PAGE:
STOW — What’s in a name?
Quite a bit, according to Stow city officials.
City leaders on Monday gave an update on the early plans for the construction of an amphitheater and the installation of a play trail at the City Center property along Louis A. Dirker Jr. Boulevard between Graham and Darrow (Route 91) roads. They noted the "d" word is no longer being used in connection with the proposal.
"Now, it is not a downtown plan," emphasized Linda Nahrstedt, director of the city’s parks and recreation department. "It’s a City Center plan. We have realized that a lot of people have opposition to downtown [with] the buildings, bars and all of that. We moved away from that plan."
Mayor John Pribonic added that when people hear the word "downtown," they envision "traffic congestion [and] buildings."
Pribonic said his vision for the site is to "involve families," and added he felt the amphitheater and play trail are "very pivotal." He noted officials are starting with these two pieces because they "pertain really to everybody."
A rendering of the proposed amphitheater and play trail will be released in about a month, according to Pribonic.
Money is being raised to cover the cost of the amphitheater and play trail. Nahrstedt said community organizations and local businesses have pledged about $200,000 for the amphitheater so far. The amphitheater is projected to cost $400,000 and the play trail anywhere from $250,000 to $300,000, according to Nahrstedt.
Nahrstedt said while the Stow-Munroe Falls Community Foundation will not be directly involved in the planning and design process, she said her department "will work cooperatively with [the Foundation] and the city’s finance department regarding sponsor donations we receive for the project."
Pribonic said he expects to have money raised for the amphitheater by the end of May.
"As soon as we have that money, we’re going to move forward," said Pribonic.
Pribonic noted the amphitheater would be located in an area near an unpaved parking lot along Louis A. Dirker Jr. Boulevard.
Once that parking lot is paved, Chief of Staff Nick Wren estimated there will be 40 to 50 parking spaces available. Wren said there are also 188 parking spaces in three other city lots on the site, but noted that about 20 of those spots would not be available to the general public. He said the remaining spaces — some of which are not available to the public during business hours on weekdays — would be available to the public in the evenings and on weekends. Wren added there are 52 public parking spaces next to the former SKiP playground.
Although she did not have precise measurements available, Nahrstedt said the amphitheater would be the same size as the one in downtown Cuyahoga Falls. She added that music concerts, children’s activities, family events and movie nights are among the programs envisioned at the amphitheater.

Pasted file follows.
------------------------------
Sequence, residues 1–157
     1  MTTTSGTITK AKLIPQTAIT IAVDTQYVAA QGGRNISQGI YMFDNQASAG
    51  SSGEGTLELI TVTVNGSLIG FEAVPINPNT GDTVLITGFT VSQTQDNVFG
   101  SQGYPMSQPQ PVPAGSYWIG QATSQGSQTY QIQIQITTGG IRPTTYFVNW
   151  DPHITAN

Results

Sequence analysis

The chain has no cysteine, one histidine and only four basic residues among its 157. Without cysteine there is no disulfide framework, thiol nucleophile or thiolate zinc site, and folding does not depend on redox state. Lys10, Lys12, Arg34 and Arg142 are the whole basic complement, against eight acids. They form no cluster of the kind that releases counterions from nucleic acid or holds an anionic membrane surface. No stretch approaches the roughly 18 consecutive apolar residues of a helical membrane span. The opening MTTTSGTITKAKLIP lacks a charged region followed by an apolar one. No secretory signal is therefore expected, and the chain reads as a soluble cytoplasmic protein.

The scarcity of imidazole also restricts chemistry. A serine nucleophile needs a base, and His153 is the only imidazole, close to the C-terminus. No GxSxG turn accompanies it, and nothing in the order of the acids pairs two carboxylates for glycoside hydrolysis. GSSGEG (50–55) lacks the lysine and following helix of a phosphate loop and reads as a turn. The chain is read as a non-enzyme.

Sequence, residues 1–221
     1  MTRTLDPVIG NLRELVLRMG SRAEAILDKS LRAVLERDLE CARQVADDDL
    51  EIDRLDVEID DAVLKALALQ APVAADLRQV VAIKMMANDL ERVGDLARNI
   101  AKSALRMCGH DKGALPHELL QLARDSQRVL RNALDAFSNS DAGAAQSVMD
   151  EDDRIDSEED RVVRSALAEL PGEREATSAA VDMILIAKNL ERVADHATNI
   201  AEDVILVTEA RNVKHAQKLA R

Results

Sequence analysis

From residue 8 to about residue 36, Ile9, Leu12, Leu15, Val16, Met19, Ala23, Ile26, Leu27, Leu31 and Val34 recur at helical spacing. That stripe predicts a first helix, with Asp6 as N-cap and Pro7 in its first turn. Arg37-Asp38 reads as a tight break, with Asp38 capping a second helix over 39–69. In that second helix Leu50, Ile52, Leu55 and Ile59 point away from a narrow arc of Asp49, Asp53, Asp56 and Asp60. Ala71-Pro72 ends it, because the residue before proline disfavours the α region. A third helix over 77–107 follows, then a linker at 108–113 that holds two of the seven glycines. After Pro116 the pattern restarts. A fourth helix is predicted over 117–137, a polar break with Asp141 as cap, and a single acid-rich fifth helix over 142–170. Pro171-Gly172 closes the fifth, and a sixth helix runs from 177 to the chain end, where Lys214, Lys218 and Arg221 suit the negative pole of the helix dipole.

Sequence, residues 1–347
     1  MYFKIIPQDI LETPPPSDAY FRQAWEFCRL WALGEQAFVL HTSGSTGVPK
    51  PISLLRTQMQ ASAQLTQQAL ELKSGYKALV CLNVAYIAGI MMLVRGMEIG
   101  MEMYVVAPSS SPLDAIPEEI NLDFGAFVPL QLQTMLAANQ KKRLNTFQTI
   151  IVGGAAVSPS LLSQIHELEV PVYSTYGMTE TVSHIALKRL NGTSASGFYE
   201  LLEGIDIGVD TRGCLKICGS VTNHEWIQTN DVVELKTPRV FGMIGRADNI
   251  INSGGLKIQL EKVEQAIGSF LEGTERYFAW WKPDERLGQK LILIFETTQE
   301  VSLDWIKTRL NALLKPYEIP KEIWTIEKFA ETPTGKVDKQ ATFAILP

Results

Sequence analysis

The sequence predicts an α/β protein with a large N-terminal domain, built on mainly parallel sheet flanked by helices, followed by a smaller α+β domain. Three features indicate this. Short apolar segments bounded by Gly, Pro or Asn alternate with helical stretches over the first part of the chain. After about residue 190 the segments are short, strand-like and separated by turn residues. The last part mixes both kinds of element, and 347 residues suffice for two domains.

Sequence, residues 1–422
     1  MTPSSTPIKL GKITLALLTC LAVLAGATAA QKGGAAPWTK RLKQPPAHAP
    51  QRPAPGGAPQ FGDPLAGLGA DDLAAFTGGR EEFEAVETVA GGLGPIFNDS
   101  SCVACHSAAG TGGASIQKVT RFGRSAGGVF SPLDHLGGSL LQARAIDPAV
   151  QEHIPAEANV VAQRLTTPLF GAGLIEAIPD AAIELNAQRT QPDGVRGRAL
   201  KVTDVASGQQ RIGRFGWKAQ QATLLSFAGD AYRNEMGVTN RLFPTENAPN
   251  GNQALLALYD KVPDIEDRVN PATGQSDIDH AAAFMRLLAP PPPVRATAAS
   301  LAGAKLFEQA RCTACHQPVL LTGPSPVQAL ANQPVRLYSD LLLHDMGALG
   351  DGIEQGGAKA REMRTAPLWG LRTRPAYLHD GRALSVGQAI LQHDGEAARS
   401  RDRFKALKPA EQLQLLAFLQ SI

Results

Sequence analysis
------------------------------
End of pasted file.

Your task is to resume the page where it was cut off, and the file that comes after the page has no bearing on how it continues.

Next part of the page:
Nahrstedt noted the play trail will contain "multiple playground pieces that kind of winds through the upper part of the amphitheater area."
After the money is raised for the amphitheater, funds would then be raised for the play trail, Pribonic said.
"I’d love to have the money raised by the end of this year to where like next spring [or] summer, we have really the full package of what we’re talking to people about," said Pribonic. ‘We want to make it a whole experience for people when they come there."
He added, "Whatever we can get done this year, we’ll start on it."
The mayor said the amphitheater and play trail will be situated close to one another so that families can enjoy both at the same time.
Residents will "still be able to enjoy what’s going on at the amphitheater, but also let their kids still enjoy the play trail area," said Pribonic.
Nahrstedt said officials would be using the arts commission as either a focus group for the City Center project or to solicit input from the community.
Pribonic noted the arts commission will play a "big part of [finding out] what do people want to see in our city?" The mayor noted the arts commission would examine what type of programming would be offered. The parks and recreation board would examine what type of equipment would be offered along the play trail.
The mayor emphasized there is "still plenty of property" available at the City Center site and noted the amphitheater and play trail will not be the only two components of the endeavor.
"We’re taking small steps," Pribonic said. "We don’t want to become overwhelming for people."
Pribonic said he wants to hear from residents on what other features they would like to see at the City Center site.
"There could be different things out there right now that haven’t even been discussed," said Pribonic. "It’s a workable, fluid plan."
The mayor said the city’s boards and commissions will reach out to residents during the next few months to find out what else they would like to see at the site.
"It’s not [about] what the administration wants or what I want," said Pribonic. "It is what the people want ...we need to go ahead and reflect what our community is."
Reporter Phil Keren can be reached at 330-541-9421, firstname.lastname@example.org, or on Twitter at @keren_phil.